Chris Matthews did not challenge Sen. John McCain's (R-AZ) assertion that he would "be one of the first to support going to the United States Supreme Court" if the president indicated through a signing statement that he was "not going to abide" by a law passed by Congress. In fact, while McCain initially rebuked President Bush over a signing statement to his detainee treatment bill and threatened close congressional oversight, he has since neither sought a ruling from the Supreme Court, nor even held hearings on the subject.
During a report on the Military Commissions Act of 2006, Fox News' Bret Baier uncritically reported the Bush administration's assertion that, under the bill, noncitizen detainees have a right to challenge their detention and designation as "unlawful enemy combatant[s]" and that critics of the bill who say otherwise are "just flat wrong." In fact, a detainee's ability to challenge his or her detention effectively depends on the government's willingness to provide an initial hearing, which the government can postpone indefinitely.
CNN, Fox News, and MSNBC dedicated a considerable amount of airtime to a purported threat to NFL stadiums in seven cities, despite the fact that the Department of Homeland Security and the FBI both characterized the threat as not credible. Further, with one brief exception, at no point was there any reference on any of the three channels to evidence that the Bush administration has used terrorism-related announcements for political gain.
Loading the player leg...
PBS NewsHour host Jim Lehrer reported without challenge or rebuttal that White House senior political adviser Karl Rove "dismissed Democrats' chances of winning control of Congress." MSNBC's David Shuster similarly reported without challenge that Rove "remain[s] very calm and optimistic about the election." But as CNN's Wolf Blitzer noted, Rove "ha[s] to say that."
Although Washington Post, New York Times, and Reuters reports on President Bush's signing of the Military Commissions Act included general criticism of the legislation, they were all silent on its most controversial provision: allowing the president to detain noncitizens in the United States or abroad for any reason, indefinitely.
In her report on President Bush's signing of the controversial detainee bill, ABC's Martha Raddatz noted Sen. Russ Feingold's general opposition to the bill but gave no indication of Feingold's specific criticism -- that the bill "allows the government to seize individuals on American soil and detain them indefinitely with no opportunity to challenge their detention in court." Nightly news broadcasts on NBC and CBS devoted little attention to the bill's signing and ignored Democratic criticism of it altogether.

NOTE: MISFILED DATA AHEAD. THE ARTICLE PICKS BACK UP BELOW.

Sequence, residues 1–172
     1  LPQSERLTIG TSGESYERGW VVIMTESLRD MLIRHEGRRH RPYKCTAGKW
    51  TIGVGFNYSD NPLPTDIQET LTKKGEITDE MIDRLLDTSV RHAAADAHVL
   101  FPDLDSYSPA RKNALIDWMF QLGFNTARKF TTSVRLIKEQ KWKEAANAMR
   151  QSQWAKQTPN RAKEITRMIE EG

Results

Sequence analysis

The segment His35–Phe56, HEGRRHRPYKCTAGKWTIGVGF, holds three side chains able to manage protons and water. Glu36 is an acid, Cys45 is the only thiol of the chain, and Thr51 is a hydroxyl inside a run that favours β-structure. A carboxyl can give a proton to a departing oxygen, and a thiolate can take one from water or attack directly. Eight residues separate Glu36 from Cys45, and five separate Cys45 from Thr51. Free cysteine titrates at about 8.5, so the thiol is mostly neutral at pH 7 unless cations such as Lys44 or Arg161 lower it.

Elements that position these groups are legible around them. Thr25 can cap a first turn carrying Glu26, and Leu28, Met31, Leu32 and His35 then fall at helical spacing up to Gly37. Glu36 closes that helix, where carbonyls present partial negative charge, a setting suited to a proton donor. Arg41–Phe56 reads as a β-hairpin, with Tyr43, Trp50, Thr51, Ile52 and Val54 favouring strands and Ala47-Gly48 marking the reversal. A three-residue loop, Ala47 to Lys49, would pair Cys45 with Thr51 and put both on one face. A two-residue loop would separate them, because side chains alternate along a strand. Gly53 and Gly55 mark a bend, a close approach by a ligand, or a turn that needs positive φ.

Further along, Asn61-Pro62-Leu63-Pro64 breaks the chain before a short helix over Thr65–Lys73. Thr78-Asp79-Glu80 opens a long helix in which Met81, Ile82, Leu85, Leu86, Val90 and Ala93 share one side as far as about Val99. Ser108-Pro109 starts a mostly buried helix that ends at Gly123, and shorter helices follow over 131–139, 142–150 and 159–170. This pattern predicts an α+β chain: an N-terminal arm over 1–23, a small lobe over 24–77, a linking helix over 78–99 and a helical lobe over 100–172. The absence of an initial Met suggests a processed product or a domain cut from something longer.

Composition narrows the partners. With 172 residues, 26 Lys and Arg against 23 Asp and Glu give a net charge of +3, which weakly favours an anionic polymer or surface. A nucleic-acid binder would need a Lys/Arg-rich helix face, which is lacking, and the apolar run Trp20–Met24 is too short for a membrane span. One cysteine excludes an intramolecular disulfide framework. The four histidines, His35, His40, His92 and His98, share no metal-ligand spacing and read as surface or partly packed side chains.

On Hannity & Colmes, Sean Hannity joined authors Melanie Morgan and Catherine Moy in comparing Cindy Sheehan's purported interest in online pornography to sexually explicit instant messages former Rep. Mark Foley allegedly sent to underage congressional pages. Morgan asserted that "[t]here's a double standard and hypocrisy at work" in the fact that there was far greater attention and criticism focused on the Foley scandal.
Loading the player leg...
In their coverage of President Bush's signing later that morning of the Military Commissions Act of 2006, NBC News' Kelly O'Donnell reported that "there has been plenty of controversy" surrounding the bill but did not elaborate on what that controversy might be, while ABC News' Kate Snow did not mention that there is opposition to the bill, much less any of the reasons for that opposition.
NBC's Jonathan Alter falsely suggested that Republican Peter Roskam and Democrat Tammy Duckworth, candidates for the U.S. House of Representatives from Illinois' 6th District, have "a similar view of the war" in Iraq. But Chicago newspapers have reported that Duckworth, an Iraq war veteran who lost both her legs in combat, and Roskam, who recently accused Duckworth of favoring a "cut and run" strategy in Iraq, are "worlds apart" on Iraq.
In a New York Times op-ed, Jeff Stein writes that "most American officials I've interviewed," including, "not just intelligence and law enforcement officials, but also members of Congress who have important roles overseeing our spy agencies," "don't have a clue" what the differences are between Sunni and Shiite Muslims. While Stein raises an important question, a more pertinent question is: Why has this critical piece of information gone unreported in the Times' news pages?